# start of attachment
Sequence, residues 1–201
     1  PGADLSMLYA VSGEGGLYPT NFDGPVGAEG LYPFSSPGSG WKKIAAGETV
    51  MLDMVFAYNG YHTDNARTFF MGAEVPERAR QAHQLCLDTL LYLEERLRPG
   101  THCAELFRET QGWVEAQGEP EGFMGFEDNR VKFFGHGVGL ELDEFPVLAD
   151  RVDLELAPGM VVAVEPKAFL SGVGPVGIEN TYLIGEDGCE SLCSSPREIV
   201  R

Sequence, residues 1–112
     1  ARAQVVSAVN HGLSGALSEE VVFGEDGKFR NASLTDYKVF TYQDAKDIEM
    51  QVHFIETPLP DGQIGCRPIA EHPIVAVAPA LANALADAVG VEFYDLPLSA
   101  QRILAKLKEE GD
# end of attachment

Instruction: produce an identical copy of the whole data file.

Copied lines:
Sequence, residues 1–201
     1  PGADLSMLYA VSGEGGLYPT NFDGPVGAEG LYPFSSPGSG WKKIAAGETV
    51  MLDMVFAYNG YHTDNARTFF MGAEVPERAR QAHQLCLDTL LYLEERLRPG
   101  THCAELFRET QGWVEAQGEP EGFMGFEDNR VKFFGHGVGL ELDEFPVLAD
   151  RVDLELAPGM VVAVEPKAFL SGVGPVGIEN TYLIGEDGCE SLCSSPREIV
   201  R

Sequence, residues 1–112
     1  ARAQVVSAVN HGLSGALSEE VVFGEDGKFR NASLTDYKVF TYQDAKDIEM
    51  QVHFIETPLP DGQIGCRPIA EHPIVAVAPA LANALADAVG VEFYDLPLSA
   101  QRILAKLKEE GD